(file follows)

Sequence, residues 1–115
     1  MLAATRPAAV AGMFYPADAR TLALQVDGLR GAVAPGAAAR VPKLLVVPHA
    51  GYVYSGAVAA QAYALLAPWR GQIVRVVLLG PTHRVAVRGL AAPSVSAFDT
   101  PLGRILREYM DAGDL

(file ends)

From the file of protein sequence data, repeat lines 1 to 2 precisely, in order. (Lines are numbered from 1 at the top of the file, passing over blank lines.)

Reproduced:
Sequence, residues 1–115
     1  MLAATRPAAV AGMFYPADAR TLALQVDGLR GAVAPGAAAR VPKLLVVPHA